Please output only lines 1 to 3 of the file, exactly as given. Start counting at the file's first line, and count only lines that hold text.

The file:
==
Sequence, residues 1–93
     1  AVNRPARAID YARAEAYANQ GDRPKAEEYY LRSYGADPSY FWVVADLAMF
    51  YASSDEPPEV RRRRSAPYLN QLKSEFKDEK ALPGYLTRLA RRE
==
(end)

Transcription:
Sequence, residues 1–93
     1  AVNRPARAID YARAEAYANQ GDRPKAEEYY LRSYGADPSY FWVVADLAMF
    51  YASSDEPPEV RRRRSAPYLN QLKSEFKDEK ALPGYLTRLA RRE